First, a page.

Hewlett-Packard (HPQ), JC Penney (JCP), General Motors (GM), Royal Bank of Scotland (RBS) and Ford (F)… all companies that have been derailed by poor succession planning, according to leadership expert Noel Tichy.
One of the worst of these, by his estimation, is HP. It all started when the company named Carly Fiorina to its top position at the height of the dot-com era in 1999. “She had never run a business; she was a disaster,” said Tichy, who recently published, “Succession: Mastering the Make-or-Break Process of Leadership Transition.”
Things might have improved when they hired Mark Hurd, who “was a pretty good leader” and “a good manager,” according to Tichy. But Hurd was forced out following an inappropriate relationship with a contractor named Jodie Fisher. Tichy commends that decision. “That’s a clear ethical violation… No way would you keep him,” he said.
But the next guy after Hurd was not such a good leader, according to Tichy. Leo Apotheker lasted less than a year at the top of the company before he was fired and replaced with current CEO Meg Whitman.
While HP shares have rallied during Whitman's tenure, the stock is down more than 20% since Carly Fiorina took over in July 1999, and the company announced earlier this year that it plans to split into two different companies as part of a multi-year restructuring. So far, current CEO Meg Whitman has supervised some 55,000 layoffs during.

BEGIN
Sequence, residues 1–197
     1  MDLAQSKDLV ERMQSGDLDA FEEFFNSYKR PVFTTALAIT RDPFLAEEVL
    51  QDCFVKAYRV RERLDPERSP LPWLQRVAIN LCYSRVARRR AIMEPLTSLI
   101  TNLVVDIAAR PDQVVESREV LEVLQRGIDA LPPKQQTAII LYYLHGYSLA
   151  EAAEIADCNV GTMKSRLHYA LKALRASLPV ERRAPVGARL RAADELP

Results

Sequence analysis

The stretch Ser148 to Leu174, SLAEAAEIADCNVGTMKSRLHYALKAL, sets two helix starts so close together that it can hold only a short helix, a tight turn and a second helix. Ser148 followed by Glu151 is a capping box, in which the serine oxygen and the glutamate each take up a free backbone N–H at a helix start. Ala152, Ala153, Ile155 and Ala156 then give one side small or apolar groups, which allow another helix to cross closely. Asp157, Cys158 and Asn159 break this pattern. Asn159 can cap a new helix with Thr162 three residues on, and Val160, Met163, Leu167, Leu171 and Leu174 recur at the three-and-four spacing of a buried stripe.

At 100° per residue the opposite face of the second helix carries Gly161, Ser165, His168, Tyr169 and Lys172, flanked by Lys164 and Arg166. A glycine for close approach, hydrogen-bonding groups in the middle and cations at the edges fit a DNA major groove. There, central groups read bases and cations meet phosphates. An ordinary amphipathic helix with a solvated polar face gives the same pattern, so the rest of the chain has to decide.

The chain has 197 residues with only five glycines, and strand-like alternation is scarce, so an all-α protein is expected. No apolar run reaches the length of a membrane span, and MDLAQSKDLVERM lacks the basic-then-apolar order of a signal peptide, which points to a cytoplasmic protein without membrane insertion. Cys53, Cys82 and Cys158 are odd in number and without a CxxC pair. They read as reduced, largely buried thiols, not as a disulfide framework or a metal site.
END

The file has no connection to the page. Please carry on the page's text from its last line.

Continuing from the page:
The big picture problem, as far as Tichy sees it, is failure to create a pipeline of internal talent. The companies that Tichy has worked with as a leadership expert – GE, for example – were companies that spent a great deal of time and effort on succession. GE’s (GE) pipeline was so strong, internal candidates Jim McNerney and Bob Nardelli went on to run different Fortune 500 companies when Jeff Immelt emerged as Welch’s successor.
“In recent years, as the notion of ‘glass breaking’ transformational CEOs has gained traction…. An overwhelming preponderance of evidence supports a contrary view,” Tichy says.
Exhibit A: When JC Penney brought in former Apple (AAPL) retail chief Ron Johnson to run the shop at the behest of activist investor Bill Ackman, things went so badly that they had to revert to former CEO Mike Ullman.
“The fact that a handful of highly talented outsiders… have pulled off this remarkable feat is no reason to ignore the more salient fact, which is that in the vast majority of cases, outsider selections and recruitments are risker, costlier, and far more disruptive,” Tichy declares.
One company that embodies all of these principles for Tichy is Ford - landing it on Tichy's top 5 list for both failed CEO strategies and successes. Tichy consulted for former Ford CEO Jacques Nasser and was laid off along with him during the Firestone tire scandal. Following that, Ford brought in outsider Alan Mulally from Boeing, whom Tichy says did an amazing job. The best part of his leadership may be that he formed a pipeline, allowing him to promote from within when he tapped Mark Fields – now Ford’s CEO – as his successor.
Ford's solid restructuring of its leadership pipeline is what landed it on Tichy’s list of the 5 companies with the best succession plans as well, along with IBM (IBM), Accenture (ACN), DuPont (DD) and Pepsi (PEP).
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